Summer 2019 has produced some larger than life alternative records, but what Matthew Squires has just released this past August in Visions of America is pure poetry in nine nuanced compositions that are unlike any others that I’ve reviewed all year long. Armed with little more than a galloping guitar and a taste for 60’s psychedelic vibes, he assaults us with angular folk/rock in “American Fever Dream,” blustery waves of sonic bliss in “Silence, Now!,” and swaying strands of a melancholic melody in “Fire Song,” all the while remaining consistent and focused in his execution. Visions of America isn’t just Matthew Squires at his most in-sync; this is perhaps the most diversely appointed alternative album of the season, if not the year in general.
I love the unassumingly complex instrumentation of “Fire Song,” “Lonesome” and the Velvet Underground-esque “Perfect Eye,” partly because, even at their most intense, they never translate as overcomplicated or inappropriately extravagant. There’s been a near-deluge of such material attracting headline-caliber press as of late, which definitely makes Visions of America an especially rare find this September, and though its sound is easily distinguishable from the major label content that I’ve come across recently, I don’t think that its erudite quality would necessarily discourage non-music enthusiasts from finding some solace in the heavenly harmonies of songs like “Silence, Now!” and the title track at all. If there was one goal that Squires had when making this album, it definitely wasn’t fitting in with the mainstream model, and that’s made clear to us right from the get-go here.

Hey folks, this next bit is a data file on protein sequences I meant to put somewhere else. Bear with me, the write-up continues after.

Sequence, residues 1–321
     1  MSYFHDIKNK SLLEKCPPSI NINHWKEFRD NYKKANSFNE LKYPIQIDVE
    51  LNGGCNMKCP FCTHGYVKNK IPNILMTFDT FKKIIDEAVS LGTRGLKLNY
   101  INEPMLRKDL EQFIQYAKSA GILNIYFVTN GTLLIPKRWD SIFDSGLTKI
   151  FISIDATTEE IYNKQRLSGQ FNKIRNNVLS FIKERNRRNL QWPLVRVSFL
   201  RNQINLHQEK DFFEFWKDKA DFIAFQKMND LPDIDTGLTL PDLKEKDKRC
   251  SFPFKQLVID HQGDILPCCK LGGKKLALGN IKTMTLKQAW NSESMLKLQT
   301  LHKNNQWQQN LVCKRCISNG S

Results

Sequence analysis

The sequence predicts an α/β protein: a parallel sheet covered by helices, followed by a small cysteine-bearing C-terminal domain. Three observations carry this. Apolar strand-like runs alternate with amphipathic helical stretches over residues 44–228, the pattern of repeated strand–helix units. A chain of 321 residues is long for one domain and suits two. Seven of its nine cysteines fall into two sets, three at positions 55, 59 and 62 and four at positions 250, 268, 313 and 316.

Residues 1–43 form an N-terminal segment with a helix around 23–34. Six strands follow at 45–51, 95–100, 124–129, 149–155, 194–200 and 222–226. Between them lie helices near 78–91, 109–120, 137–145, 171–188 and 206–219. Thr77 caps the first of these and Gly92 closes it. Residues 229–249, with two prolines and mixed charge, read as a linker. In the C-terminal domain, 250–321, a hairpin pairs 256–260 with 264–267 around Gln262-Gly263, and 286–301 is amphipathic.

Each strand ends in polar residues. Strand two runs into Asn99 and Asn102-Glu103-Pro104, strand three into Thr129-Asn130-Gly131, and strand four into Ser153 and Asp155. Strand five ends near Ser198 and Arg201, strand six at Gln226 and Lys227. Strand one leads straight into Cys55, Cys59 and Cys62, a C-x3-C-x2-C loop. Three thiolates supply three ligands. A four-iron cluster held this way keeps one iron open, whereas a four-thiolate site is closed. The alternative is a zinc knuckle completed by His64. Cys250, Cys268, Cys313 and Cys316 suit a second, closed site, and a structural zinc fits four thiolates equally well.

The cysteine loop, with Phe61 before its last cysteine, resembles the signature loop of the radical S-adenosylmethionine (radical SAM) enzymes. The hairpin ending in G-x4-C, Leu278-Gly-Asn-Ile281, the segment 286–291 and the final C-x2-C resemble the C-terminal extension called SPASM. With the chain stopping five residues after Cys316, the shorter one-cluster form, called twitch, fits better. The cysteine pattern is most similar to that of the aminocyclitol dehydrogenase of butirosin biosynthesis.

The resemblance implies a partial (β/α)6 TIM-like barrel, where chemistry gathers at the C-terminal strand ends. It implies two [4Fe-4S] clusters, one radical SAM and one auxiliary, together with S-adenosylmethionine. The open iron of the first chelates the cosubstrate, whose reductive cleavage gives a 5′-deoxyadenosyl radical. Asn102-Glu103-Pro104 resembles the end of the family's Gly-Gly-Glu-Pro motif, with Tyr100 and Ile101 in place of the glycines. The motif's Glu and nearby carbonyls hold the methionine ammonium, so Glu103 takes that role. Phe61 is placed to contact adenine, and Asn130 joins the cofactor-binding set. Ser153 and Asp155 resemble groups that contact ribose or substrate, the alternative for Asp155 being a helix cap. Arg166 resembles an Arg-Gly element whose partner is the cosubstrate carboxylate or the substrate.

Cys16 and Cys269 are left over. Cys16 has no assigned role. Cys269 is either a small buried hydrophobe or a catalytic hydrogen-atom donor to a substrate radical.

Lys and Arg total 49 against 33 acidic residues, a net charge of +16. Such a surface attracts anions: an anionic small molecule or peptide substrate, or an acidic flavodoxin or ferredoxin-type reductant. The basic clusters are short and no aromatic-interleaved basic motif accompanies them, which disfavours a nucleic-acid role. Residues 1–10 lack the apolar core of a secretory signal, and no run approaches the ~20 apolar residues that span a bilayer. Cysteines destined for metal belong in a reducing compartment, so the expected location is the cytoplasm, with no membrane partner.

There’s a lot of depth to the narratives in “American Fever Dream,” “Strange Day,” “Lonesome” and “Visions of America” that extends well beyond what Matthew Squires is singing to us in his trademark vocal, and that just can’t be said for the bulk of output that we’ve been seeing from his closest rivals in and outside of the States this summer. He isn’t content to use but one tool in his toolbox here; Squires is utilizing every weapon he can get his hands on in “Fire Song,” “The Sentinel” and “Lonesome,” whether it be provocative prose or simpleton string melodies, and exploiting the dynamic range of talents that he and his selected group of instrumental cohorts possess for everything that they’re worth.
Like a lot of occasional listeners, I was only somewhat familiar with the music of Mr. Matthew Squires before hearing a pre-release copy of Visions of America just this past weekend, but if this is just a taste of what he can do when there’s nothing to stifle his creativity, then I am very eager to hear more of what he’s dishing out here. No matter what he’s playing in this LP, slow songs and strong-voiced anthems alike, he never breaks his confident stride (in fact, I think that he grows more blunt in his delivery as the tracklist progresses), which is something that has been common among all great singer/songwriters throughout history. He’s demonstrating everything that he’s about in this disc, and making it tough for even the harshest of critics to dismiss his efforts as anything other than brilliant.